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Transparency in Candidate Disclosure


Recent developments in Indian electoral procedures include a Supreme Court ruling stating that candidates are not obligated to disclose every minor detail in their election affidavits unless it holds significant relevance. Additionally, the Election Commission of India (EC) has requested the Central Board of Direct Taxes to authenticate the income declaration made by the BJP nominee from Thiruvananthapuram.



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Mains Question:

How has the Supreme Court addressed concerns about candidates with serious criminal charges contesting elections? Can the reforms by the Law Commission and Election Commission help in addressing such concerns? (15 Marks, 250 Words).

Representation of the People Act, 1951 (RP Act)- Important Sections in this Regard:

  • According to Section 33 of the Representation of the People Act, 1951 (RP Act) along with rule 4A of election regulations, all candidates contesting in elections must submit their nomination papers accompanied by an affidavit in a specified format.
  • In the case of Association of Democratic Reforms (ADR) Vs Union of India (2002), the Supreme Court ruled that voters possess the right to be informed about a candidate’s criminal history, income, assets, educational qualifications, and those of their dependents.
  • As a result, Section 33A was added to the RP Act, necessitating the disclosure of criminal antecedents in the election affidavit.
  • Furthermore, Section 125A of the RP Act stipulates that failure to provide necessary information, furnishing false information, or concealing any details in the nomination papers or affidavit could lead to imprisonment for up to six months, a fine, or both.

Key Concerns:

  • In a recent instance, an independent candidate from Arunachal Pradesh omitted to declare three vehicles as assets in his election affidavit during the 2019 Assembly election. Consequently, the Gauhati High Court nullified his election.
  • However, the Supreme Court overturned this ruling, asserting that failure to disclose immaterial or non-substantial information cannot be construed as an attempt to unduly influence voters.
  • In the case of the BJP nominee from Thiruvananthapuram, the allegation revolves around the purported concealment of income and significant assets in his election affidavit, potentially influencing voter decisions.

Candidates with Severe Criminal Charges:

  • A more pressing issue pertains to candidates with severe criminal charges participating in elections. Some candidates evaded the requirements of rule 4A by leaving certain sections blank or submitting incomplete affidavits.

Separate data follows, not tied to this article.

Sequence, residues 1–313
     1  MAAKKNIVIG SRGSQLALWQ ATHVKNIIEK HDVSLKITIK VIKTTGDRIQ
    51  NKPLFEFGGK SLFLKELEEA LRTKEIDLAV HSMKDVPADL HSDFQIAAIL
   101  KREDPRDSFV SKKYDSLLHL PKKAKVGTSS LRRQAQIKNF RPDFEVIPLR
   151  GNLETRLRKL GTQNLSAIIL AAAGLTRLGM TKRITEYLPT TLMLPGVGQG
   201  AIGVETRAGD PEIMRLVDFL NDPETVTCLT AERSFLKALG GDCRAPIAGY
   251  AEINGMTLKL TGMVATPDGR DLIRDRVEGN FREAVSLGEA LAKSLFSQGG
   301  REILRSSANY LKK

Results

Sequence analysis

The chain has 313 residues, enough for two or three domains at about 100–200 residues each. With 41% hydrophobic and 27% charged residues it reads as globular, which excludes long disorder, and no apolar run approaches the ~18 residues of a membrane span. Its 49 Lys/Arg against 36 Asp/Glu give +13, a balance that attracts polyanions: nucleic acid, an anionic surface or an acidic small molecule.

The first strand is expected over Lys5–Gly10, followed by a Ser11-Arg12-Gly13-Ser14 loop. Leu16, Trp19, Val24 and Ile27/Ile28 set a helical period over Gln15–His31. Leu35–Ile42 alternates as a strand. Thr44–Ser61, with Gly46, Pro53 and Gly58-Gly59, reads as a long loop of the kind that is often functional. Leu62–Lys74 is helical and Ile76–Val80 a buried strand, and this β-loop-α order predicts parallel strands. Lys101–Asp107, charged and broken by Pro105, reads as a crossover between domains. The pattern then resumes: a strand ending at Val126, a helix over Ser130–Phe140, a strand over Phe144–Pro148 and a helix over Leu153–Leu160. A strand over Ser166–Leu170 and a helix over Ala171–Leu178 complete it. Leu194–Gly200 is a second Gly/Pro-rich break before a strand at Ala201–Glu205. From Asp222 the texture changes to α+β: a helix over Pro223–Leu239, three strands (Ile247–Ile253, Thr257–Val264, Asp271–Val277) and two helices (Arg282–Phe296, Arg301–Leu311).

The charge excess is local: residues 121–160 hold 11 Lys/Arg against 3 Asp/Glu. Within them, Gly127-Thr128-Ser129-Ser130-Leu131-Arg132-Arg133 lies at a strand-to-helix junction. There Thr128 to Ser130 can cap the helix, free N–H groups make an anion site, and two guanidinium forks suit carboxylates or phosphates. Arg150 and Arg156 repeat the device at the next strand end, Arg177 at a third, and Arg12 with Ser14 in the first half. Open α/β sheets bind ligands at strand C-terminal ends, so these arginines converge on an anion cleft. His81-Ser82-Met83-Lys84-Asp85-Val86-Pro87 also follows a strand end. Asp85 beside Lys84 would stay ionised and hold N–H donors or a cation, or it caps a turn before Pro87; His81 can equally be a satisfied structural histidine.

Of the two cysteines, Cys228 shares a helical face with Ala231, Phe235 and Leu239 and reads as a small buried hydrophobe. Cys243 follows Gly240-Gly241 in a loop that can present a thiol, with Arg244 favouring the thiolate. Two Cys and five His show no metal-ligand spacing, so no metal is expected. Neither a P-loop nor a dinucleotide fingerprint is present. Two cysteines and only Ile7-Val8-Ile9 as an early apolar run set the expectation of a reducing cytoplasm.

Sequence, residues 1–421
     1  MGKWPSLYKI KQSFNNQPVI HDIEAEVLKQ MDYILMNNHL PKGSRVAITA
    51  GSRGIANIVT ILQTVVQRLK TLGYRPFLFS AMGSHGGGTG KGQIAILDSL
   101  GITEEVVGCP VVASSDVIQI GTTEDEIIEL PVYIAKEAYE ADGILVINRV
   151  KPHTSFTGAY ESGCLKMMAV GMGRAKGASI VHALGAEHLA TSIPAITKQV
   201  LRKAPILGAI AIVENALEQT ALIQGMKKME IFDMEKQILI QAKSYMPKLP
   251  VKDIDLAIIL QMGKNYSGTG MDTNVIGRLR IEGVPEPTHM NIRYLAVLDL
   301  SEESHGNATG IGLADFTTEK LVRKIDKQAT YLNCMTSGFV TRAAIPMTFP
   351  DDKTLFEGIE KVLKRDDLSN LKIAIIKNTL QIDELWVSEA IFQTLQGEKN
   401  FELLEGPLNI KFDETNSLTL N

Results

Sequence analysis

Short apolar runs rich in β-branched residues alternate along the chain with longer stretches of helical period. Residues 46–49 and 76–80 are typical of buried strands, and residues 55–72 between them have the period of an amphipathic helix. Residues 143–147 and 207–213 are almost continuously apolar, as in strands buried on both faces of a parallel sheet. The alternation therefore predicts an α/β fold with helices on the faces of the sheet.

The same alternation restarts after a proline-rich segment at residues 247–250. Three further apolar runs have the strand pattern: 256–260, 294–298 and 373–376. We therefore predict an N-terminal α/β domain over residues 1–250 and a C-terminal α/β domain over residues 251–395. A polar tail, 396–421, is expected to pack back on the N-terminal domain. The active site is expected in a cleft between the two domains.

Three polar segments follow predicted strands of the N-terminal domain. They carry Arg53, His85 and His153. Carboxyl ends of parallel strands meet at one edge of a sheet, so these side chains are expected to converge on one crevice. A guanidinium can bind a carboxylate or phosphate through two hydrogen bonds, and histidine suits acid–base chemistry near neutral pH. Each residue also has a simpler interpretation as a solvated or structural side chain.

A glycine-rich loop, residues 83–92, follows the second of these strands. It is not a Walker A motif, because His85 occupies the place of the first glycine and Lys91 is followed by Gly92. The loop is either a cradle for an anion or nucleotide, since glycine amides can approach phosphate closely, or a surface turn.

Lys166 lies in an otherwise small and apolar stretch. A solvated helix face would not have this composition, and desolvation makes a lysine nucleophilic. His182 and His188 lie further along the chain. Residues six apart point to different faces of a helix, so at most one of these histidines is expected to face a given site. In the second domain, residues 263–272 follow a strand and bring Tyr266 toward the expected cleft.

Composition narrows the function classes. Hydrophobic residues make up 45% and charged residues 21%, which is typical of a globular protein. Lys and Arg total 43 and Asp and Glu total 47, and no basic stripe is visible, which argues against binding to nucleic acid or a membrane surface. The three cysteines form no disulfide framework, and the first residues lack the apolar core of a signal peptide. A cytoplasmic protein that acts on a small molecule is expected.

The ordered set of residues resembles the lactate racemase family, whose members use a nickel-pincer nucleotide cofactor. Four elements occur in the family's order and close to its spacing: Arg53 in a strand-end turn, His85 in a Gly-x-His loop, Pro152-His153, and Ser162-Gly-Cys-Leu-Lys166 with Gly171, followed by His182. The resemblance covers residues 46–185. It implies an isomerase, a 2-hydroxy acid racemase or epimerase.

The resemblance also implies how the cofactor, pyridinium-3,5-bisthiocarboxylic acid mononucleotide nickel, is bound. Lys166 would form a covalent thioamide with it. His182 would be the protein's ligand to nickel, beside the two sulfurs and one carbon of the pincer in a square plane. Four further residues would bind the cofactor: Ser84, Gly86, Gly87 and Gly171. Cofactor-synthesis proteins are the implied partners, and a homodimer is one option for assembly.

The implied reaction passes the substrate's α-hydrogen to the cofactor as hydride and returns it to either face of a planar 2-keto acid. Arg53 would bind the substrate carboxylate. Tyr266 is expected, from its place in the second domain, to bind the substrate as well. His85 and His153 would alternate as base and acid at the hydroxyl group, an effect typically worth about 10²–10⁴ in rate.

• This issue necessitated a court order in Resurgence India Vs EC (2013) to ensure comprehensive completion of all sections. According to a report by ADR, 19% of candidates in the 2019 Lok Sabha election faced charges of rape, murder, or kidnapping.
  • The Law Commission, in its 244th report titled ‘Electoral Disqualifications’ (2014), and the Election Commission (EC), in its memorandum on ‘Electoral reforms’ submitted in 2016, put forward specific recommendations.
    • Firstly, they proposed that a conviction for submitting a false affidavit should result in a minimum punishment of two years imprisonment and be grounds for disqualification.
    • Secondly, they suggested that trials in such cases should be expedited, conducted on a day-to-day basis.
    • Lastly, individuals charged with offenses punishable by imprisonment of at least five years should be barred from contesting in elections if the case is filed at least six months prior to the relevant election.
  • In the case of Public Interest Foundation Vs Union of India (2018), the Supreme Court mandated that candidates and political parties must issue a declaration regarding their criminal history at least three times before the election, through advertisements in local newspapers and electronic media.


Although there is concern that prohibiting candidates facing chargesheets from contesting elections might be exploited by incumbent parties, other recommendations, such as enhancing penalties for submitting false affidavits and making it a disqualification criterion, should be put into effect. The Supreme Court’s directive to widely publicize criminal records should also be rigorously enforced. This would empower voters to make informed decisions when casting their votes.


May 2024